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How can the rich stream of visual sensations we experience can emerge from brain dynamics? We tackle this enduring question by considering two different constraints on brain dynamics: the architecture of the visual system on the one hand, and the influence of internal bodily signals on ongoing large-scale brain activity.

The idea that the architecture of the visual system constrains visual perception is certainly not new, but it is surprisingly often overlooked in the literature on visual consciousness. We attempt at bridging the gap between those two fields. Our hypothesis is that the initial feedforward sweep of visual processing leads to the emergence at the top of the visual hierarchy of the first global conscious appraisal of the visual input, giving rise to meaningful but not detailed visual experience. Depending on cognitive goals, conscious visual percepts would later be enriched by details encoded at lower levels of the visual hierarchy. This hypothesis can potentially reconcile two different theoretical views on consciousness, one that insists on the importance of subjective experience and the other one that insists on the tight link between consciousness and cognitive functions. We are currently developing new stimuli and paradigms to experimentally probe the validity of this hypothesis.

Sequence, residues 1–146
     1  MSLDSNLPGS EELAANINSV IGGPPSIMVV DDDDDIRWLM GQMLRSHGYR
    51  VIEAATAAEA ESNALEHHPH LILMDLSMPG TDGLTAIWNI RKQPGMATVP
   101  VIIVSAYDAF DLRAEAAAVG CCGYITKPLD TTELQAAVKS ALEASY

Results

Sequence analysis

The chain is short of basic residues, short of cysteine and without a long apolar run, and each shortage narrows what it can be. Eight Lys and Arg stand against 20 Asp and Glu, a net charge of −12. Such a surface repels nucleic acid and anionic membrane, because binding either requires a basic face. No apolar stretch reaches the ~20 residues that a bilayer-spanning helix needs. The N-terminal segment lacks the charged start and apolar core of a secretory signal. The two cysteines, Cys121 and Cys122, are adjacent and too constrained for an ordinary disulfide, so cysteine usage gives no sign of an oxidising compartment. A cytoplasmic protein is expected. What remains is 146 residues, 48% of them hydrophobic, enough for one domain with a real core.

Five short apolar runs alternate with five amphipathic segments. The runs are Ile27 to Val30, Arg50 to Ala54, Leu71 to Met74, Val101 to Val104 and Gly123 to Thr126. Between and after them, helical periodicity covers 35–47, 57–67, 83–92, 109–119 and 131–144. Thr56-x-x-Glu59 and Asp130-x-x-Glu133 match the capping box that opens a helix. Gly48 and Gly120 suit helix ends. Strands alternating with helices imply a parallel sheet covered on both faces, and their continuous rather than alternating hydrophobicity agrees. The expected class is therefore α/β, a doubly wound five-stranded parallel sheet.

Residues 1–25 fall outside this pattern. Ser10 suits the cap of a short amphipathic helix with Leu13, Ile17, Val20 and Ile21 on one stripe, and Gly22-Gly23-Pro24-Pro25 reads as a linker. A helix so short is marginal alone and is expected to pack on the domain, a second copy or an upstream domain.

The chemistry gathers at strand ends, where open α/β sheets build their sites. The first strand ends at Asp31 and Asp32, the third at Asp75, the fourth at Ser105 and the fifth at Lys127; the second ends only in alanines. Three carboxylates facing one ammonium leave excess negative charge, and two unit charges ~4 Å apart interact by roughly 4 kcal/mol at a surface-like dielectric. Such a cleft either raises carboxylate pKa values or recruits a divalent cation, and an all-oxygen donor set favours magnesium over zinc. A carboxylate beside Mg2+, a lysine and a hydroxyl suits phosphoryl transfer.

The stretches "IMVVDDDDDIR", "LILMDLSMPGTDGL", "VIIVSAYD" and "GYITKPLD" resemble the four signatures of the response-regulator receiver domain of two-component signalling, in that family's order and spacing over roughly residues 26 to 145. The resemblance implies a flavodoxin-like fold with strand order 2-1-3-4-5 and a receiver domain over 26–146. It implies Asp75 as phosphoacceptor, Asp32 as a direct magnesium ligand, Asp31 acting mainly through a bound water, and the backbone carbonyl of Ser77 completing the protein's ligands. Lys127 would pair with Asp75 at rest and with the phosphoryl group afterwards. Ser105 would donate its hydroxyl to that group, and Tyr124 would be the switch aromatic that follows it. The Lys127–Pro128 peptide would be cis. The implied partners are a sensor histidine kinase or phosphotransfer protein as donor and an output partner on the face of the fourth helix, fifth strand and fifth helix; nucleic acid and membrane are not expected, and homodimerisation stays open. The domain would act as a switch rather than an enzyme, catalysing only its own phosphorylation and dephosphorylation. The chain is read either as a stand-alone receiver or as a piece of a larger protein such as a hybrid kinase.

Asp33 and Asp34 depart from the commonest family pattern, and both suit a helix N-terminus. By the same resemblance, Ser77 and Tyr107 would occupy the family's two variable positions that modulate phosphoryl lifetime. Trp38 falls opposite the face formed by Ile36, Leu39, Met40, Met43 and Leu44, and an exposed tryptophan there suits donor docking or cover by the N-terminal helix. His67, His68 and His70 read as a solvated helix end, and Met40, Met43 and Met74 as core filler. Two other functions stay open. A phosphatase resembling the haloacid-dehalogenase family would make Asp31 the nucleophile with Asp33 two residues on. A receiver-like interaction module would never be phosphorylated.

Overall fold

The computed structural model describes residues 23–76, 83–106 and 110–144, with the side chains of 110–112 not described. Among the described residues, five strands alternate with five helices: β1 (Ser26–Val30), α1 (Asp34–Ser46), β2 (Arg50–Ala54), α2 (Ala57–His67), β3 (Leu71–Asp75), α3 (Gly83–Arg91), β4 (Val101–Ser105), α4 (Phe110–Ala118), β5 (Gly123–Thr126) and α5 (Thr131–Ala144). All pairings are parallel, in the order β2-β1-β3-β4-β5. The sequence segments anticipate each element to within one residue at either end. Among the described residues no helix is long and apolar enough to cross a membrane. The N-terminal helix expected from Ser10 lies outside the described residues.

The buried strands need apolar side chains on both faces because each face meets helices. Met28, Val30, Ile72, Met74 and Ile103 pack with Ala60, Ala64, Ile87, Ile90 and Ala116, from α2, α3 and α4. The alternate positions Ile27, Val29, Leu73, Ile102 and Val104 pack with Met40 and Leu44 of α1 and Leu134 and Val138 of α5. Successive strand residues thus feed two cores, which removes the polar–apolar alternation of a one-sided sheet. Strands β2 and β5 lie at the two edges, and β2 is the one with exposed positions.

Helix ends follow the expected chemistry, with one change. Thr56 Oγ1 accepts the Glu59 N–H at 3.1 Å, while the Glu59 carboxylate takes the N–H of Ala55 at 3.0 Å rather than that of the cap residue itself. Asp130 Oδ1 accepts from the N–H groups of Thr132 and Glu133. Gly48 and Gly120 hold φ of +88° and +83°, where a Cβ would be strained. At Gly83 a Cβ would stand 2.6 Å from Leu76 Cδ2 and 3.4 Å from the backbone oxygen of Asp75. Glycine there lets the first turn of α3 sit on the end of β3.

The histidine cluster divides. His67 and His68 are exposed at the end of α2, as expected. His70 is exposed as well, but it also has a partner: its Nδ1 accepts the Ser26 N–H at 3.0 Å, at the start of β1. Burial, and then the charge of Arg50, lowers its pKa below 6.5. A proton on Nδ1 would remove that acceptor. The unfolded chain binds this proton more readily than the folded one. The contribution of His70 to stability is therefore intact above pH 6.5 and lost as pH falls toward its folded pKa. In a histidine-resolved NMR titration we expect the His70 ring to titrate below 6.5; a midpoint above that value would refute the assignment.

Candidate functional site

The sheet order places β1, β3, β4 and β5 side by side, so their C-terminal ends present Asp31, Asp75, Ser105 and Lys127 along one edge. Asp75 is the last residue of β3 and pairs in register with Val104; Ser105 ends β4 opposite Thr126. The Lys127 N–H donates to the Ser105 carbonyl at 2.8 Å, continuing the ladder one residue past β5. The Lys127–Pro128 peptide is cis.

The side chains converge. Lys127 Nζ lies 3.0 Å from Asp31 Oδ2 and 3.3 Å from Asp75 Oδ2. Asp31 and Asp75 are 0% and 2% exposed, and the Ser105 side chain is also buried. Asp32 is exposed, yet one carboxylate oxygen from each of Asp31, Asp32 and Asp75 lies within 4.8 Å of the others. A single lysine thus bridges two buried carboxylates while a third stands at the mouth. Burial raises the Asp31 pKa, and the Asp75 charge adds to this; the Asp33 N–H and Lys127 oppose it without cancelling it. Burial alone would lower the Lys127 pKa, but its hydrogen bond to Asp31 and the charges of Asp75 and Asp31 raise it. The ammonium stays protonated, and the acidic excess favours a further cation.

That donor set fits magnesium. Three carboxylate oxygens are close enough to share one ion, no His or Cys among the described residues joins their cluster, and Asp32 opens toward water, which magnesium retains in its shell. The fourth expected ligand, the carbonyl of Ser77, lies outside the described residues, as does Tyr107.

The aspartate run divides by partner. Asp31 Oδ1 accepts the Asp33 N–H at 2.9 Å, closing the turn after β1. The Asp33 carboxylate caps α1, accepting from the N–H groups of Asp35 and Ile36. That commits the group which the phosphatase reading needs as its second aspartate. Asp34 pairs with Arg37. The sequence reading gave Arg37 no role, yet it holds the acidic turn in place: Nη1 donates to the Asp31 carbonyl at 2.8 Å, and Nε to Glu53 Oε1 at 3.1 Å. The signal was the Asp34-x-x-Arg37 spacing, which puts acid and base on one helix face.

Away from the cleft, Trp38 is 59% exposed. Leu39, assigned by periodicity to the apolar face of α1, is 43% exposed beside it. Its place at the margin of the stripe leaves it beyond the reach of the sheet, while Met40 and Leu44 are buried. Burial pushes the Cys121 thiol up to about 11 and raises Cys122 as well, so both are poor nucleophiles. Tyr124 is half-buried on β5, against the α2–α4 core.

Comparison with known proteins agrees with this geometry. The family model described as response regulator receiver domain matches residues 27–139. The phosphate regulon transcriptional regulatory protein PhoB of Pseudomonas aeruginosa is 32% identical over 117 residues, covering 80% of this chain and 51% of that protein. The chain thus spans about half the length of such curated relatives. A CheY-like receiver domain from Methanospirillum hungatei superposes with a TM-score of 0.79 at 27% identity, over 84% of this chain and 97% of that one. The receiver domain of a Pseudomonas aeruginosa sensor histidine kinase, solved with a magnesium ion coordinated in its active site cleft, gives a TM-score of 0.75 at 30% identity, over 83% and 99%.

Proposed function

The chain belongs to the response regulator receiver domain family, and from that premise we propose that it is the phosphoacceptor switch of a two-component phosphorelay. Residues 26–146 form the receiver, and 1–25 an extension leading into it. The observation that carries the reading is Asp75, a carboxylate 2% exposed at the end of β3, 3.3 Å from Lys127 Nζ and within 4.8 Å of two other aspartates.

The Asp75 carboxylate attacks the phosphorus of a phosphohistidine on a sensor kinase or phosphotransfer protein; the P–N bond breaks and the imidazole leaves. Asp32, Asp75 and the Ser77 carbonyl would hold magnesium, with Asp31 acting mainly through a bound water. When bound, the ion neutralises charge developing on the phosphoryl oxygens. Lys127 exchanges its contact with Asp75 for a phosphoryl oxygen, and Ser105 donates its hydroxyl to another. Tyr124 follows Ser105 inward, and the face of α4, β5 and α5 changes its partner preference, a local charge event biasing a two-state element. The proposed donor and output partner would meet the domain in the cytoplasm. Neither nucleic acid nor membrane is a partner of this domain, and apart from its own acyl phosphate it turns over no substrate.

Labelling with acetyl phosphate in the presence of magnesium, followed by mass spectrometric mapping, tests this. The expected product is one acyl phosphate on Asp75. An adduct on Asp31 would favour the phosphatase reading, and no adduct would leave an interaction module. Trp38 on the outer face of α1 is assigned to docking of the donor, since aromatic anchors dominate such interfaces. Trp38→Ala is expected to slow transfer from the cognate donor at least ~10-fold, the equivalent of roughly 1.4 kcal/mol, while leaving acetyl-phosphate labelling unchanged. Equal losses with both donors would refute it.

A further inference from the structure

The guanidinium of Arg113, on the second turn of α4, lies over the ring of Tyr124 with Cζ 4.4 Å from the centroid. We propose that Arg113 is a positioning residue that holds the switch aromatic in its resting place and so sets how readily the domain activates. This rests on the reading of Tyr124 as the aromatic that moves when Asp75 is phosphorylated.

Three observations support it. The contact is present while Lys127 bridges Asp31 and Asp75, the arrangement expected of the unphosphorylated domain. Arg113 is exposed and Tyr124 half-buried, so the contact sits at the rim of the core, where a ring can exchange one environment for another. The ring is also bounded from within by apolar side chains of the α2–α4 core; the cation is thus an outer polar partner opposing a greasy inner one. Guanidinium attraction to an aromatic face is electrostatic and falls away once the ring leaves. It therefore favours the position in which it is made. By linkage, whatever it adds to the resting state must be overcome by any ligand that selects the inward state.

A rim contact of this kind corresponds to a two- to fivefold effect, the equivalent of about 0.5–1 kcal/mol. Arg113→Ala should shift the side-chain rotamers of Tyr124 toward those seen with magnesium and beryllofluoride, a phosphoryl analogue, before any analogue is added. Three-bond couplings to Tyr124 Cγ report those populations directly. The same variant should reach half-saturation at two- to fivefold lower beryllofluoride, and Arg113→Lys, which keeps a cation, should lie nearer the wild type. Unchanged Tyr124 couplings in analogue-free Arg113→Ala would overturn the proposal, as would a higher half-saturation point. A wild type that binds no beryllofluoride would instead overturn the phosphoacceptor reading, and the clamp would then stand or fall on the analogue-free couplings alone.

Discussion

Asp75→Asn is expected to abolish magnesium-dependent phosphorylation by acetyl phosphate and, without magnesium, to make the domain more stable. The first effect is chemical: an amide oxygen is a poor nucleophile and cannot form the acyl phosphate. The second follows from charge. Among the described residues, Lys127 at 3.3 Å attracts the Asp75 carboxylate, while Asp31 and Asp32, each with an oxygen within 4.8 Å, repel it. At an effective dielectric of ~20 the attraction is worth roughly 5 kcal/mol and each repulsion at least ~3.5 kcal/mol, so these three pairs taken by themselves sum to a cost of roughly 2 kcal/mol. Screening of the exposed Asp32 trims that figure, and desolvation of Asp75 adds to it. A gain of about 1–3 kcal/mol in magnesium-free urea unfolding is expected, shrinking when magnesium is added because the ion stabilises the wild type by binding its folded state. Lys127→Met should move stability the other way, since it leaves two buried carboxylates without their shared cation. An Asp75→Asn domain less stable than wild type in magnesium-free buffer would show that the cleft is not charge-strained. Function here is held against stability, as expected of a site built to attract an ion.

The second line of research developed in the Visual Cognition group is rooted on the fact that spontaneous fluctuations of ongoing large-scale brain dynamics can have a profound impact on how we perceive visual stimuli. We currently develop and test the hypothesis that neural responses to signals from visceral organs, such as the heart or the gut, that are constantly relayed up to the neocortex, shape ongoing large-scale brain dynamics and in turn impact visual consciousness and visual cognition. We further propose and test the hypothesis that neural maps of the internal state of the body could constitute a neural referential from which first person experience can be created.